recovering from the massacre at Columbine High School, I noted once again, often within just a few pages of focusing on the language and concepts of any ancient mythic journey, that even the badly injured can regain hope to restore their hearts. They are thus inspired to find new energy for their torn spirits, tying these matters to the spiritual belief-systems they have already, or seeking out new systems that make sense to them at the soul level. I know no more perfect definition of good healing than this: a return to spiritual nobility. With exposure to the ideas about mythic spirit, a person's view of the world expands and, at the same time, is often spiritually validated too. Learning about the mythic gives the young, the naive, and the uninitiated, the wounded, and the adventurous the much-needed language of travail and repair, of opening and descent and rising again. It is difficult to evolve, inquire, and to "come back," when one does not have the words to describe what ails one's own depths—what one longs for, and what one's own soul truly wants and needs. Throughout many of their pages, Campbell's works offer such a psychic kinship—for the newly arrived and newly awakened souls who are here now, even though he himself has long passed from this earth. How mythic is that? Also, very.

Hence the person who has tired of the curios offered by culture, or one who has been broken from a brittle shell and is wandering in shock—awakens slowly, or all at once—choosing to move toward a larger life that includes spirit and soul. Now, the person sets out on a journey downward and begins to map and find the resources of a richer interior life—one that can also inform outer life. This quest has been understood, since time out of mind, as one undertaken in order to feel alive again, to remember and to keep what is holy in life. It is a journey to find a truer selfhood; one that cannot be easily corrupted by the outer world, or by time. The impulse fulfills a longing to unearth and reveal one's greatest and deepest shadows and gifts. It provides the balances required for a person to feel one thing especially—contentment. By his compilations and examinations of many of the world's heroic myths and stories, and by tying them to the processes of transformation as outlined in those stories, Campbell emphasizes that this kind of inquiry, to know the truest self, takes much time. It is true, there is no drive-through enlightenment. He patiently tells about any number of mystical pathways. And, in his choice of myths to explore, he is sympathetic to many of the most impoverished protagonists in tales. They are the ones who have the most frail qualities or resources to begin with. Yet they too will find a heroic way through the jumble and tangle of the mysteries of transformation. Campbell supported having faith in this often ridiculed and diminished, but most highly valuable, self. By the end of many myths, this neglected self will often prove to be the trove of all manner of numinosity, pragmatics, foibles, and treasures—just right for the conflicts and heroics needed to meet aggressive challenges, and to give birth to the more tender, more strengthened new self. There can be no doubt that Campbell was a champion of the pilgrim who endured. He understood how Freud and .Jung, and other thinkers of the twentieth-century Euro-American philosophical and psychological disciplines, had held open the doors of perception, consciousness, and meaning for many people of their time. Often drawing on the works, words, and rituals of the ancient peoples,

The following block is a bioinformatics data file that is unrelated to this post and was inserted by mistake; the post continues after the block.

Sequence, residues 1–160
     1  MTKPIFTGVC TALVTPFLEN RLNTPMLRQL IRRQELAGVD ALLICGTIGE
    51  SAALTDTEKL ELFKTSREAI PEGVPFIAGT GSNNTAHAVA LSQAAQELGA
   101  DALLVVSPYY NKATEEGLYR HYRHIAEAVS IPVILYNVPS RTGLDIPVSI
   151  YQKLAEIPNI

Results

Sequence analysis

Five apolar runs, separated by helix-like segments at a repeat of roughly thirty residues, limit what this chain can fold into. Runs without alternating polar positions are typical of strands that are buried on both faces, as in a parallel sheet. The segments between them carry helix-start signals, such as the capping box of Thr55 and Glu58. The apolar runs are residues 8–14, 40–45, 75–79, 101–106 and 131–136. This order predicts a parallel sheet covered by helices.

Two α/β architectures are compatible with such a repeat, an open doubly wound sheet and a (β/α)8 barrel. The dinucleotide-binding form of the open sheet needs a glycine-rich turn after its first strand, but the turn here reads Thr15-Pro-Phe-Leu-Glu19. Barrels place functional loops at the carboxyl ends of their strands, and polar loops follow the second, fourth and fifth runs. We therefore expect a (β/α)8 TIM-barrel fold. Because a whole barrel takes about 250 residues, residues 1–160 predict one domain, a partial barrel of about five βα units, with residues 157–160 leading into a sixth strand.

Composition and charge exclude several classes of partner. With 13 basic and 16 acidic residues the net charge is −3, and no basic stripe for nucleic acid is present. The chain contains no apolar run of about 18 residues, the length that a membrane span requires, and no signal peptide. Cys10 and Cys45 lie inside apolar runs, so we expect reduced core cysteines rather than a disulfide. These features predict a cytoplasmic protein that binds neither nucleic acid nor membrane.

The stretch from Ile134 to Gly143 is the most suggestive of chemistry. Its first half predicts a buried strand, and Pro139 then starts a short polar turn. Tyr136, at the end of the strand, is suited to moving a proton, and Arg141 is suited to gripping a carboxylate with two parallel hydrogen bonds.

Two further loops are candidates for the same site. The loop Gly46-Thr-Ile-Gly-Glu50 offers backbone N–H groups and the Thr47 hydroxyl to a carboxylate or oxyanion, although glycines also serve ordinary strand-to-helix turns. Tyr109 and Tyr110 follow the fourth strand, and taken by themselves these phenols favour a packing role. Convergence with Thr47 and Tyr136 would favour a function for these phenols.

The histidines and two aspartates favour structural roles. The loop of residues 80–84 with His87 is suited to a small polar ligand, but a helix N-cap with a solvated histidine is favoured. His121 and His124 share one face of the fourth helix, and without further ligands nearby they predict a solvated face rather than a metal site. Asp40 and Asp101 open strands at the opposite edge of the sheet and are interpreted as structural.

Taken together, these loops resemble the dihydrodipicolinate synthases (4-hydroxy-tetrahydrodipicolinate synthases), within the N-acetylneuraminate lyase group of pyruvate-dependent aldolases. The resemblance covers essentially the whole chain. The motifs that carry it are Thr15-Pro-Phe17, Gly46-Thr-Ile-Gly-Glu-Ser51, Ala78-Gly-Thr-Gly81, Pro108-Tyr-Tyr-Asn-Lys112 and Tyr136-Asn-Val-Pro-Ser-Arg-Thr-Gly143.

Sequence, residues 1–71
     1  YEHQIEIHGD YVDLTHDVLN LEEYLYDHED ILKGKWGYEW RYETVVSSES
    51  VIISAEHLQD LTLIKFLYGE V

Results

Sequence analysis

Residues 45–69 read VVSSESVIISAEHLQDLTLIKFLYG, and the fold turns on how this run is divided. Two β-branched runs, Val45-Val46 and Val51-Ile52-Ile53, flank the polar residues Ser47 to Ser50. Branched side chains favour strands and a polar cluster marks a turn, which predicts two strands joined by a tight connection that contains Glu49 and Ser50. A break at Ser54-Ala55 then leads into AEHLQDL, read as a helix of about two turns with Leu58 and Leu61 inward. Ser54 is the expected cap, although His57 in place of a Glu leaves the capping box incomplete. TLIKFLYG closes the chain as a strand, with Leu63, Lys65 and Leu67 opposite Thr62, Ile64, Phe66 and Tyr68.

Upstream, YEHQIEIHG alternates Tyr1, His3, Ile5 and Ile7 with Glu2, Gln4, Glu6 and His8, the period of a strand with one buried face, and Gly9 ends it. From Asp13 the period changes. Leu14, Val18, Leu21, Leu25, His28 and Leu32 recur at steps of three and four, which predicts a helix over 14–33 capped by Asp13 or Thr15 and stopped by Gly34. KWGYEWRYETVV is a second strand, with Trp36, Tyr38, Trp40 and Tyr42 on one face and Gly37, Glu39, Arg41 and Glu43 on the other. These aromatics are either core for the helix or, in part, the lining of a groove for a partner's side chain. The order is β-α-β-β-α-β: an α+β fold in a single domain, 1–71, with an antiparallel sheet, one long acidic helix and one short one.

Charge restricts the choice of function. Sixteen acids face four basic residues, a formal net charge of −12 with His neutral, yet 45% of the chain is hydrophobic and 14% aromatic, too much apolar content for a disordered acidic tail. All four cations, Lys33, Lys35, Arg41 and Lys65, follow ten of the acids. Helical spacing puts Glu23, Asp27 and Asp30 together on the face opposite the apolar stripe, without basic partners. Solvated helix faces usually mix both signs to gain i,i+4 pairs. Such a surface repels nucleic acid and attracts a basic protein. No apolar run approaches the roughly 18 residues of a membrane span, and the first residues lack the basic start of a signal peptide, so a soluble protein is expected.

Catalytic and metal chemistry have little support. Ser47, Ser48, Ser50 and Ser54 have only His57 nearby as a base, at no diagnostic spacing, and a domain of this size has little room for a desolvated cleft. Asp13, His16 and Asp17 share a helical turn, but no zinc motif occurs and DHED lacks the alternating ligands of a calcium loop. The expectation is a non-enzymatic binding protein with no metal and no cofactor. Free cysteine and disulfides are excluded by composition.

The Shoulders We Stand On

In The Hero with a Thousand Faces, Joseph Campbell speaks about how Freud and Jung were deeply committed students of the continuum of human behavior and the unconscious. He points to their special interest in the plausible call that rises within human beings —the call that causes individuals who have been living highly externalized lives to stop, take notice, and redirect themselves to a higher self—or else suffer becoming more and more lackluster and world-weary.